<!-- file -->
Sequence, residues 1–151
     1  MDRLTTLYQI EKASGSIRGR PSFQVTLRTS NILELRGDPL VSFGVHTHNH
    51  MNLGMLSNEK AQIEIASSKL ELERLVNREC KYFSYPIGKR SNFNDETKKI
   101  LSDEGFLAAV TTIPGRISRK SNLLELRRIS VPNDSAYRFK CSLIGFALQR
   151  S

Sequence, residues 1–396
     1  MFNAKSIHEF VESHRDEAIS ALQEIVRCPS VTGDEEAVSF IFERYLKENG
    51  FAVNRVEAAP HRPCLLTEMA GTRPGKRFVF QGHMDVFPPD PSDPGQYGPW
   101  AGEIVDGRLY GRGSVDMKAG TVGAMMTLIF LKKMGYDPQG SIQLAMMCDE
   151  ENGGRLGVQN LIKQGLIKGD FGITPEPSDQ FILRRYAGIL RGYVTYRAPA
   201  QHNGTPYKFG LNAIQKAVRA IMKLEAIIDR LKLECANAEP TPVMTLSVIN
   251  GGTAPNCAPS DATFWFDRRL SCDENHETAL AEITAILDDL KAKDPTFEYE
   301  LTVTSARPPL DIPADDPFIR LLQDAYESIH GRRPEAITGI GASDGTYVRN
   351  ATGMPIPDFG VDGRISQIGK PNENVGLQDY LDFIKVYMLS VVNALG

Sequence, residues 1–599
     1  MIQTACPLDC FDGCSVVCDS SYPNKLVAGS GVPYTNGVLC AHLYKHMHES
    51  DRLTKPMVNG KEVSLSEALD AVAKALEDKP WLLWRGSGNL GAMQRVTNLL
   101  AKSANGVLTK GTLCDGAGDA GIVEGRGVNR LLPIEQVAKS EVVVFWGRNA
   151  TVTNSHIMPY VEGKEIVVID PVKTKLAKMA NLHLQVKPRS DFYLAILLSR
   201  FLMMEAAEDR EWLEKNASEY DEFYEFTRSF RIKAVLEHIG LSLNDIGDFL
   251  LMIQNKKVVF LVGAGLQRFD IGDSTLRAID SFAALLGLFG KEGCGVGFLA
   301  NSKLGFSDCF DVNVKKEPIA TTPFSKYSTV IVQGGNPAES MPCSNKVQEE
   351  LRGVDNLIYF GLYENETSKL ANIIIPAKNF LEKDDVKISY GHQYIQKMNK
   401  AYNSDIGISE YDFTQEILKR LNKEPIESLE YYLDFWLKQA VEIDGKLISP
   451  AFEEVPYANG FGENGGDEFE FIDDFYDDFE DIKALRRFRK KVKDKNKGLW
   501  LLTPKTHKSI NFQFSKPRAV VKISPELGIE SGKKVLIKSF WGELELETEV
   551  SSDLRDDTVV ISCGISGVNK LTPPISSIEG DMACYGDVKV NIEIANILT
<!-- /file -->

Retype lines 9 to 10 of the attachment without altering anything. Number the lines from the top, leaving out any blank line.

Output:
   101  AGEIVDGRLY GRGSVDMKAG TVGAMMTLIF LKKMGYDPQG SIQLAMMCDE
   151  ENGGRLGVQN LIKQGLIKGD FGITPEPSDQ FILRRYAGIL RGYVTYRAPA